Oh, everyone is so impressed by all that weight you just pulled (and how loud you were when you did it)! Would you like to leave that racked barbell on the floor? Nah, go ahead and hit the showers. I’ll put your weights away as soon as everyone is finished admiring your accomplishment. You’re so strong!
– Snippet from a conversation I’ve never had with anyone
Sure, I know I’ve walked out of the gym without putting my weights away. I’m not proud of it, but it happens.
You get an urgent phone call before your last set and have to run, or you puke your brain out of your head after doing a set of German volume training squats and forget. It’s bound to happen on occasion. What grinds my gears though is the folks who, for whatever cockamaymee b.s. reason, just leave their plates on the barbell for someone else to clean up every…single…time.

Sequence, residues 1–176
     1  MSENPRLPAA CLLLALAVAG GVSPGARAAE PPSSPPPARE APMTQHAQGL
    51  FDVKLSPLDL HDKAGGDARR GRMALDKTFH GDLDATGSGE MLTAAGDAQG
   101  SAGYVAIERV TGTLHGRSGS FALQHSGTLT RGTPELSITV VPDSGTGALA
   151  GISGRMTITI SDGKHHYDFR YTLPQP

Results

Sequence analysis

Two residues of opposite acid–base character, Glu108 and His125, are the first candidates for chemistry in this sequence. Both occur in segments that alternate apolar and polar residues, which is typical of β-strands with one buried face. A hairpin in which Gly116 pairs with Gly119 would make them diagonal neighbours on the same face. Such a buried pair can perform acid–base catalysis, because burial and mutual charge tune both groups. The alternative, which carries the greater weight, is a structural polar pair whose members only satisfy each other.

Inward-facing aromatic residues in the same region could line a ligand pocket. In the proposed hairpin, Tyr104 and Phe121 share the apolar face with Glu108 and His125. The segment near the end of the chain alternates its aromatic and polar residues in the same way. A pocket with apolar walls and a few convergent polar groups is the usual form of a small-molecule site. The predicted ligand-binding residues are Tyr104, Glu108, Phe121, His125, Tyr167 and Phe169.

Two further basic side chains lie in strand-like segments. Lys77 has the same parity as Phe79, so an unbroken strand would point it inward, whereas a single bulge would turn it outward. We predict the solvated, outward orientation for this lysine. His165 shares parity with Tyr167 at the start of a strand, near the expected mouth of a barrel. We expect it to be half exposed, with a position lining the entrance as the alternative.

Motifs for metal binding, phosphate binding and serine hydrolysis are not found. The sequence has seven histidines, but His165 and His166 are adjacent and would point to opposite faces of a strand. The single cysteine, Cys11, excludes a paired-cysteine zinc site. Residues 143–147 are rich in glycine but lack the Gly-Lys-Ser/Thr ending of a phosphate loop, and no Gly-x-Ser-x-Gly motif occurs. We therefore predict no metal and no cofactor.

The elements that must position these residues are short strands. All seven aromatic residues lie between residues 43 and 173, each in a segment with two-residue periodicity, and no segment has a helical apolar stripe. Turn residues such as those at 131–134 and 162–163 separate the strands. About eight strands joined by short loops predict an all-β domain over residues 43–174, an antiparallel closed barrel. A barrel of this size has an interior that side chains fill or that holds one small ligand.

I don’t know if it’s laziness, pride, or if on some bonehead level, these benevolent chotches think they’re doing me a favor (see the classic 135 lbs barbell configuration left on the flat bench…not everyone starts with that weight, friend. Thanks anyway). Whatever the case may be, the madness needs to be addressed.
I’ve attempted to do my part. I can’t seem to appeal to these meatheads through logic and common courtesy, so I’m attempting to do so by showing them that they can get a little more jacked (and possibly more tan at an outdoor facility) by stripping their barbells and putting their own weights away.
Enter the top set weight (the last set, and typically the heaviest) for each of your main barbell lifts, along with the weekly frequency of each lift, and see how many calories you’ll burn over the course of a year by not being a tool.